Advertising refers to marketing communication intended to attract the attention of potential consumers and convince them to buy certain products or subscribe to services. It also provides firms with ways of establishing brands through repeated advertisement (ad) presence which consumers associate with the brand in the advertising media. Traditional advertising media include radio, television, magazines, newspapers, and billboards. (Yuan et al, 2012). The advent of digital media such as the internet has had a profound impact on the advertising industry as new channels continue to supersede traditional media. The Internet has moved advertising beyond rudimental ad display methods to social media and viral videos (Mallia & Windels, 2011).
The advancement of the Internet and the World Wide Web (WWW), enables consumers to seek product information by searching for and navigating websites, requesting for product information, and performing online transactions. Search engines have also continued to improve user experience and the accuracy of search results by improving information retrieval services. The popularity of the internet has provided advertisers with a wide array of strategic choices that would help them reach potential customers among the billions of global Web users. This phenomenon has provided search engines with opportunities to become strategic platforms for ad placement on the web with the assumption that online users interested in the advertised products will click on the ads (Yuan et al, 2012).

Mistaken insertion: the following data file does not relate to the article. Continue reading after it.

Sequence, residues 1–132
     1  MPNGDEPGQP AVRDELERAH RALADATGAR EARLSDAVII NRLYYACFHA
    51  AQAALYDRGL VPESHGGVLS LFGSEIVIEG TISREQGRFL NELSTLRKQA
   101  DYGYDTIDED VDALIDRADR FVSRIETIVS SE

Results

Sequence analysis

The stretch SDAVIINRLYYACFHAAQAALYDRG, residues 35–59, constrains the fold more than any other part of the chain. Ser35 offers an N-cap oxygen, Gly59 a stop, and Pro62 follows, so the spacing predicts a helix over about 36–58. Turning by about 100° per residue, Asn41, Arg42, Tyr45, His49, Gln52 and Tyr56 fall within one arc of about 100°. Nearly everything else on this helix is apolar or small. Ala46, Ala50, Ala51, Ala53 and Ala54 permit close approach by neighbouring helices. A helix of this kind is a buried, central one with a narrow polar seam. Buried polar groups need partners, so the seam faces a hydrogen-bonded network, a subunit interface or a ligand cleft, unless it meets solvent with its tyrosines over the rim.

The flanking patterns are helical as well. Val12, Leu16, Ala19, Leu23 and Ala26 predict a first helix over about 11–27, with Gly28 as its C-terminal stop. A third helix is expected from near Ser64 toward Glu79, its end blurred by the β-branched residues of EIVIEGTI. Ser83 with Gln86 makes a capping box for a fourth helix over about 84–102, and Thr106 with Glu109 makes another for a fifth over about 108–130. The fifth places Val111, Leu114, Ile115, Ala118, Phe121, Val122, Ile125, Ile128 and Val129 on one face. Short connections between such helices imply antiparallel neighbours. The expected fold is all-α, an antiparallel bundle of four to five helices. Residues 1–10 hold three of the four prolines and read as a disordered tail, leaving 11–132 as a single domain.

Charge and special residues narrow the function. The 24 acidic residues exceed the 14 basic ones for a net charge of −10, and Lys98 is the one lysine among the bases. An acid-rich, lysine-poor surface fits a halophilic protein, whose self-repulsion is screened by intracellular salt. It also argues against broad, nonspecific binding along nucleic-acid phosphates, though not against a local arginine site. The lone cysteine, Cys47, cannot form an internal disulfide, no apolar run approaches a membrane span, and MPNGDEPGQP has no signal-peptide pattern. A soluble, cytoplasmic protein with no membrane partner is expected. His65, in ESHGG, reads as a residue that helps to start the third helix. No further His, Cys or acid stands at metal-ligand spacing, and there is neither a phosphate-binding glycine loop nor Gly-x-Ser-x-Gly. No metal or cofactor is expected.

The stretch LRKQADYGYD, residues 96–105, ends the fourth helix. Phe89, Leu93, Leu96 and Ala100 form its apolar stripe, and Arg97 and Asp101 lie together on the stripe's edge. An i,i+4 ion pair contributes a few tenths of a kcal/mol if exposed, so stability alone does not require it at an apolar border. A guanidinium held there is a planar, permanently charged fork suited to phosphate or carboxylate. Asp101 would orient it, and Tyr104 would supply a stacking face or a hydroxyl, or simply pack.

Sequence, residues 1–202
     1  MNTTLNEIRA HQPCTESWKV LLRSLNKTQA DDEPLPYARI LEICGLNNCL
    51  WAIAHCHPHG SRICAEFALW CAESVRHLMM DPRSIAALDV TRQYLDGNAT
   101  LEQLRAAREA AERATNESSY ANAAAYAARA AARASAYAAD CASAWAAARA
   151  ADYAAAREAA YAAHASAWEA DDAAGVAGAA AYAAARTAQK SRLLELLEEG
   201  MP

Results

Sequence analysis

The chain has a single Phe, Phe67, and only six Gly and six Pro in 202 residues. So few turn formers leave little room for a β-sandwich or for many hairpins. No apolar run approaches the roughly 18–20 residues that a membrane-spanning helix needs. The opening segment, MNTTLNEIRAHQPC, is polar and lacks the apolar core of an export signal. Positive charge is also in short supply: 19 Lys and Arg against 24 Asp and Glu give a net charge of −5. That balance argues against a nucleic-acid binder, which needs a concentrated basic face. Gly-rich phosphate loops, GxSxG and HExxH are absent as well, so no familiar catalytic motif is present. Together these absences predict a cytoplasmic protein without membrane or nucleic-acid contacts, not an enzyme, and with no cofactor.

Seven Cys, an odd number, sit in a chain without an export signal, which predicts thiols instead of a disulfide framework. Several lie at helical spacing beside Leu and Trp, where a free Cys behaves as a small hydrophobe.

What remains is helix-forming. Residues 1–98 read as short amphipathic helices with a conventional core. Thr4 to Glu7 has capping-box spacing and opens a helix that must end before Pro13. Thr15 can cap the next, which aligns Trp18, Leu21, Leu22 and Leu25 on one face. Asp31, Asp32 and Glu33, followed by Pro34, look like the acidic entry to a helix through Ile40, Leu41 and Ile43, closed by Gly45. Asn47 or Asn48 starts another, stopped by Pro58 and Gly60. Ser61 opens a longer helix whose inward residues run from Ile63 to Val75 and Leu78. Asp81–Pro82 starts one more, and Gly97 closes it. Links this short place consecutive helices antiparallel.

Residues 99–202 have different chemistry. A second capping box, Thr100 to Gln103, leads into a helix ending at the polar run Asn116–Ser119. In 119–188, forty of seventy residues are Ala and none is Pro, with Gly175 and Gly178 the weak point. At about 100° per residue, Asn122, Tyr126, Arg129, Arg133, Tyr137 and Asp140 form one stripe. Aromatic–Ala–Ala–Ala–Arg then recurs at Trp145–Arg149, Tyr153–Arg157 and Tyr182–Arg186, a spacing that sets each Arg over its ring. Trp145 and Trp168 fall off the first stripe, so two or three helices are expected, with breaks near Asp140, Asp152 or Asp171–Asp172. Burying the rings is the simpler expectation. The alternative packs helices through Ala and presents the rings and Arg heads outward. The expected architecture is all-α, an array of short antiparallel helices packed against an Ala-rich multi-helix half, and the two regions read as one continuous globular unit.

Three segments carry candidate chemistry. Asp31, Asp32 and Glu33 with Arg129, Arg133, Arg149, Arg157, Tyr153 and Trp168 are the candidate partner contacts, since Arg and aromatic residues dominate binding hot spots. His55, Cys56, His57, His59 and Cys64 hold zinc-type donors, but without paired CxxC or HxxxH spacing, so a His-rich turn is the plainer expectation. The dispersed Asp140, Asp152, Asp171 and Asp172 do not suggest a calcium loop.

Web advertising complements traditional advertising but is expected to dominate as a preferred advertising medium over traditional media since it is more targeted. A user querying the Web searching for a product e.g. a smartphone, is more likely to respond to an ad relevant to her query integrated with search results. On the other hand, newspaper advertisements are pre-selected for display making them uniform for all readers and consequently less targeted. Additionally, traditional media lacks an effective feedback mechanism to monitor the success of conventional media (Yuan et al, 2012).